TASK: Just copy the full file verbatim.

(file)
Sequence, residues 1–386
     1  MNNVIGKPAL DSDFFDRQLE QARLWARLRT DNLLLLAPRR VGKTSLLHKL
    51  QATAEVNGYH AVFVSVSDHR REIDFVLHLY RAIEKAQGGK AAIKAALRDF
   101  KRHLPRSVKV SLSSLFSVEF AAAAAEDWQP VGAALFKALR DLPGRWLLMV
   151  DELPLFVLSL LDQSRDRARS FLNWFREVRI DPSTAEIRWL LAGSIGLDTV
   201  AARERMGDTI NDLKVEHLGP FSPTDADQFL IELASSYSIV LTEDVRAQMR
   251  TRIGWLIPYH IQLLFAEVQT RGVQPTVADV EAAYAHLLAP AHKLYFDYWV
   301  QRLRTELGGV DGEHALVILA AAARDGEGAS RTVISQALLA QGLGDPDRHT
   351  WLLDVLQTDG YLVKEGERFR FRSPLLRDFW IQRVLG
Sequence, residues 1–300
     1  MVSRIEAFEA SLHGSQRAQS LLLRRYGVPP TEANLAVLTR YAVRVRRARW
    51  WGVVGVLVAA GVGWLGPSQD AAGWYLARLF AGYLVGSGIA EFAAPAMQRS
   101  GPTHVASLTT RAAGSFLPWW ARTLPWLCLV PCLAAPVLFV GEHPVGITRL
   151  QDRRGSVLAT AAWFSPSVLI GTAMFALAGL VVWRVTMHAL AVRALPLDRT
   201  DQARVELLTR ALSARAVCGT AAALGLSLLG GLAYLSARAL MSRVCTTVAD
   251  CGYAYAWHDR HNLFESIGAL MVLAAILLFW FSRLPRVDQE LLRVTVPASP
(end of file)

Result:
Sequence, residues 1–386
     1  MNNVIGKPAL DSDFFDRQLE QARLWARLRT DNLLLLAPRR VGKTSLLHKL
    51  QATAEVNGYH AVFVSVSDHR REIDFVLHLY RAIEKAQGGK AAIKAALRDF
   101  KRHLPRSVKV SLSSLFSVEF AAAAAEDWQP VGAALFKALR DLPGRWLLMV
   151  DELPLFVLSL LDQSRDRARS FLNWFREVRI DPSTAEIRWL LAGSIGLDTV
   201  AARERMGDTI NDLKVEHLGP FSPTDADQFL IELASSYSIV LTEDVRAQMR
   251  TRIGWLIPYH IQLLFAEVQT RGVQPTVADV EAAYAHLLAP AHKLYFDYWV
   301  QRLRTELGGV DGEHALVILA AAARDGEGAS RTVISQALLA QGLGDPDRHT
   351  WLLDVLQTDG YLVKEGERFR FRSPLLRDFW IQRVLG
Sequence, residues 1–300
     1  MVSRIEAFEA SLHGSQRAQS LLLRRYGVPP TEANLAVLTR YAVRVRRARW
    51  WGVVGVLVAA GVGWLGPSQD AAGWYLARLF AGYLVGSGIA EFAAPAMQRS
   101  GPTHVASLTT RAAGSFLPWW ARTLPWLCLV PCLAAPVLFV GEHPVGITRL
   151  QDRRGSVLAT AAWFSPSVLI GTAMFALAGL VVWRVTMHAL AVRALPLDRT
   201  DQARVELLTR ALSARAVCGT AAALGLSLLG GLAYLSARAL MSRVCTTVAD
   251  CGYAYAWHDR HNLFESIGAL MVLAAILLFW FSRLPRVDQE LLRVTVPASP